Working with screenwriter Alex Tse and a previous screenplay by David Hayter, Snyder creates a dazzling world out of Moore and Gibbons' tale and the 163-minute film is bound to appeal not just to fans of the original series but also to the broad demographic that lapped up The Dark Knight last year.

Set-building in Canada

Shot in Vancouver on more than 200 specially built sets, Watchmen is the antithesis of 300 with its stylised green-screen storytelling technique. 'The exteriors in Antarctica and the Mars scenes are all green screen, but most of it is real sets,' he says. 'We built a giant New York City backlot in Canada. I shot about 1,000 commercials and Dawn Of The Dead with real sets and I would say I am more comfortable shooting that way. With this movie we combined every technique we could think of to make it work. We re-used sets 10 times, we did a bunch of crazy tricks, because it's pretty ambitious.'

Similarly, for all the technical challenges of these last two movies, he still shoots on film. 'I haven't been converted to the digital age yet, even though I do everything else,' he says. 'I don't want to say I'm a purist but I've always shot on film and it's my tool and I'm pretty comfortable with it.'

Like 300, he forsook any A-list star names for a cast of well-known character actors including Patrick Wilson, Jeffrey Dean Morgan, Matthew Goode, Billy Crudup and Jackie Earle Haley.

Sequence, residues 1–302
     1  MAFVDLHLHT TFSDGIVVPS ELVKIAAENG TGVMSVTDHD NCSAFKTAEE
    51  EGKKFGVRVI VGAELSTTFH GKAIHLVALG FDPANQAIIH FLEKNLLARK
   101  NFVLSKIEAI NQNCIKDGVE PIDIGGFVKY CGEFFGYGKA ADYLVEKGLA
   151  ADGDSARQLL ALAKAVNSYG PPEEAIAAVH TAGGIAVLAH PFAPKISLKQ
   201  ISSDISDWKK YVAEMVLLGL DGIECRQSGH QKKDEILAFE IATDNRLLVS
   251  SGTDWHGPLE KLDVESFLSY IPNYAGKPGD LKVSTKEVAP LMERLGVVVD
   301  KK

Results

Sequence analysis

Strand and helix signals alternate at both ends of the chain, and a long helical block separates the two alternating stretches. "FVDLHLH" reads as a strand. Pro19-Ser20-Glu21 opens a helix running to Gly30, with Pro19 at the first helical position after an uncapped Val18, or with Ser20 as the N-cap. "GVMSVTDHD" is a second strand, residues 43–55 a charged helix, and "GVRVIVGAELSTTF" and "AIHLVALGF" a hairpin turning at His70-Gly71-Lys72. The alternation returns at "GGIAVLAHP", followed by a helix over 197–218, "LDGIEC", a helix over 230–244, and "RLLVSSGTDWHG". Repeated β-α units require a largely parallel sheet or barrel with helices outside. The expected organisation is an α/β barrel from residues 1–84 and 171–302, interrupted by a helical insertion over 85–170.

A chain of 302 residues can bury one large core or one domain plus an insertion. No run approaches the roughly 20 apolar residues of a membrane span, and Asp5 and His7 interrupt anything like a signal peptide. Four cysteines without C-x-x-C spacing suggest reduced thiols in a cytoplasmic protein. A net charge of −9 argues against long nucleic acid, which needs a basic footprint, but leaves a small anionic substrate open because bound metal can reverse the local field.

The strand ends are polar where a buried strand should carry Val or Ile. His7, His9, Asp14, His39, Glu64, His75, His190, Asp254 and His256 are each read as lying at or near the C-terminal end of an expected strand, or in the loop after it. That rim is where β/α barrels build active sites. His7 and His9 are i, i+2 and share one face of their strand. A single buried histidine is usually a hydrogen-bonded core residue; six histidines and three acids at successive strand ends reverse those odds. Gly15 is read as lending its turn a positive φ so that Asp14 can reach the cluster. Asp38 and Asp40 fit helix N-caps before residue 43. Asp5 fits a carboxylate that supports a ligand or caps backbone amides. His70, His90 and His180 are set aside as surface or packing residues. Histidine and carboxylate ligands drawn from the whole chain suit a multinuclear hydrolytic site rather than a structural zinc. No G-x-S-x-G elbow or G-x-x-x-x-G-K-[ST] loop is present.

'The studio would have been happy if I'd gotten some big names in the movie, but on the other hand, I tried to cast each role as I would want to do it,' he says.

Although Snyder says 300 was more violent, Watchmen is certainly an R-rated film, with sex and gore aplenty. And the source material ensures it is also one of the most subversive superhero movies to date, with images of the superheroes shooting JFK, raping women and causing the deaths of millions of people.

Defying audience expectations

'Comic-book myths are now part of society,' says Snyder. 'People on the street are aware Peter Parker was bitten by a radioactive spider and that Batman is afraid of bats and his parents were murdered. They are also aware there are moral imperatives, like the fact the bad guy dies. The cool thing about Watchmen is that it does the exact opposite. It really says, 'What if''. Don't you think that if Superman were real, he would collect all the world leaders and make them behave or else kill them. He wouldn't spend his time getting cats out of trees. Watchmen takes on the reality of that kind of power.'

Snyder is also set to push the limits with his next film, Sucker Punch, which he says will go into production in the autumn. 'It's pretty crazy,' he says. 'I've always wanted to make an action movie with real crazy action in it and that's what we're working on.' Snyder wrote the screenplay, in which a girl fantasies about breaking out of an insane asylum, with Steve Shibuya.

He is also working on Guardians Of Ga'Hoole, a CG-animated family film now in production at Australian studio Animal Logic, which produced Happy Feet and also worked on 300 with Snyder. Both Sucker Punch and Guardians Of Ga'Hoole are at Warner Bros.